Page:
Run by Julian Balme
Owned since May 2014
Total mileage unknown
Miles since acquisition 56
Latest costs #Ford
OUR YANK0PHILE BUYS A HOT ROD
I’ve worked out that on the few occasions in my life that I’ve been hit by a cataclysmic emotional tsunami, my instant reaction is to buy a car. At the age of 11 when my father suddenly died, my collection of Corgi cars swelled overnight as I tried to compensate for the chasm left in my childhood. My mother had always assumed that once she passed on, I’d buy an #Aston-Martin-DB5
with the proceeds of her house sale and, though she’d underestimated the stratospheric rise in that particular car’s value, she wasn’t far off - the #1940 #Lincoln-Continental
arrived shortly after her death. And now with the criminally premature passing of my wife Karen, I find myself with the keys to another new motor car.
Maybe it was a sense of ‘doing today rather than waiting for tomorrow' that precipitated the purchase, but when Billy at NAMCO mentioned to me that he knew of a 1932 roadster for sale, I was actually interested to the point of going to see it. Prices for genuine #1932
Fords have sky-rocketed and I'd rather given up on the idea of ever owning one, but curiosity got the better of me. The vendor, Paul Hobby, had found the car last year at the LA Roadster Show in California, brought it to the UK thinking he was going to incorporate it into a hot rod he was building, then changed his mind.
There was little history with the car, so I’d be grateful if any American readers could shed any light on its background, but what I do know is that it has been a hot rod for over 45 years. It was built by a father and son in Selma, California, and I’d like to think (fancifully) that the senior partner was the same John Ohlsen who worked for Ian Walker and Shelby American in the ’60s. It then passed to Parvin Rusell in Carlsbad, CA and it was from him that Hobby acquired the car.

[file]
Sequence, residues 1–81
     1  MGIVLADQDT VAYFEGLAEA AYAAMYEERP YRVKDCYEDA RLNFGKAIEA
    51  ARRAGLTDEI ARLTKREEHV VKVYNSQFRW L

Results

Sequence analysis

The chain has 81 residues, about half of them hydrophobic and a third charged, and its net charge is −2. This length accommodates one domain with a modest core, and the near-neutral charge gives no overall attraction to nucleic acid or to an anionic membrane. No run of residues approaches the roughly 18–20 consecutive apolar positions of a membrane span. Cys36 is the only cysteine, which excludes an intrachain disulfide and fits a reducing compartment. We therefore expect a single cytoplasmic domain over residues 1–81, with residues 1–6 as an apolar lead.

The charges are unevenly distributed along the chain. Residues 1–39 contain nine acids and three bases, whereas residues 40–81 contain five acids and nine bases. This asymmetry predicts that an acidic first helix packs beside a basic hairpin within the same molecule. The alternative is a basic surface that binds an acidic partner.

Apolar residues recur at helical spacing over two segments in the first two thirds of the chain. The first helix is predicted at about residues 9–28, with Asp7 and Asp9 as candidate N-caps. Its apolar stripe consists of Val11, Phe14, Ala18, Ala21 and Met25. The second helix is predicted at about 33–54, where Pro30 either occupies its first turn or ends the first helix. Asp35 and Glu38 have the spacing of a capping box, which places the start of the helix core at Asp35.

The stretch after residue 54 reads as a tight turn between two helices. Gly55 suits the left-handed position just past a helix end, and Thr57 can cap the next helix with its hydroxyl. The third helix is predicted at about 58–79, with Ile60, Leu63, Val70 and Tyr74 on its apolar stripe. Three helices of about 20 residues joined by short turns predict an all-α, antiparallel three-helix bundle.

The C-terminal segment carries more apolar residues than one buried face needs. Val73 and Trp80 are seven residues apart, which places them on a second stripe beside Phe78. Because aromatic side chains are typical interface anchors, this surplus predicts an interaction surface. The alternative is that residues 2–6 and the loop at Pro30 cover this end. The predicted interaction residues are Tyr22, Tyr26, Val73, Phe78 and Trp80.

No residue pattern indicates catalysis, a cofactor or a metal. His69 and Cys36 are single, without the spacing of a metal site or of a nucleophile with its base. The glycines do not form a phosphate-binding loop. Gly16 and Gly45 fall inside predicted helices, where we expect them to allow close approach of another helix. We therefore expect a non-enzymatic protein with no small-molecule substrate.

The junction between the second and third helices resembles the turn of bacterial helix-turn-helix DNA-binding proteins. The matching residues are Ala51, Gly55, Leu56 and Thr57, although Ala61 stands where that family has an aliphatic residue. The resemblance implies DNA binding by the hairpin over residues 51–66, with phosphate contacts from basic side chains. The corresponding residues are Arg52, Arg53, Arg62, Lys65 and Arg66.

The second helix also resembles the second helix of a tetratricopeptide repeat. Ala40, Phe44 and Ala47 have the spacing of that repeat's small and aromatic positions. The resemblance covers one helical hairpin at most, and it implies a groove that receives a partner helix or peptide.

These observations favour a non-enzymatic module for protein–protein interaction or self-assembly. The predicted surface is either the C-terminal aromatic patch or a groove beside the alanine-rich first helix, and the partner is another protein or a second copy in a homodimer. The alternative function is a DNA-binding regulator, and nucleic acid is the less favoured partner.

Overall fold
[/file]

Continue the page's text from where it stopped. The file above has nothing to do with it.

When the rod was first modified in the late 1960s or early 70s, the fashion for ‘resto rods' was to keep as much of the original car as possible, so things such as the cowl vent, running boards, bumpers, rear and sidelights have all been retained. The only body mods are the filling and peaking of the radiator grille shell and the top half of the hood being swapped out for a louvred Rootlieb item. Other than that, it is all genuine #1932 #Henry-Ford
steel, though sadly in #2007
it was painted a pinky-orange that makes the body look like glassfibre anyway.
That’s the good news. The bad news is that the drivetrain - a 1980-1985 Buick V6 engine coupled to an automatic transmission - is not to my taste at all. It goes really well, but GM parts in a Ford is just wrong. And proper hot rods should have three pedals. Rusell obviously used the car a lot (reputedly more than 80,000 miles) so he probably enjoyed the economy of the six-cylinder motor and the comfort of the radial tyres. I hate radials on older cars, so the first change I made was to fit 1in whitewall BF Goodrich Silvertown biased-ply tyres. That and the fitting of ’60s-style California licence plates.
Apart from the attractive price, scarcity, and the fact that no one in the UK had seen the car, the deal clincher was a cutting found among the photos and receipts that came with it. A local paper had published a picture of the roadster parked up in a Californian street-probably to fill space rather than to relate worthy news (see inset). The location was Hermosa Beach in the South Bay of Los Angeles, the very first place Karen and I visited on the West Coast of the US and from where we set out together on our 27-year love affair with California. Its climate, geography, architecture, history, films, music, art, car culture and... its hot rods.
A long way from CA: with the ex-Dean Lowe roadster pick-up, a former #Hot-Rod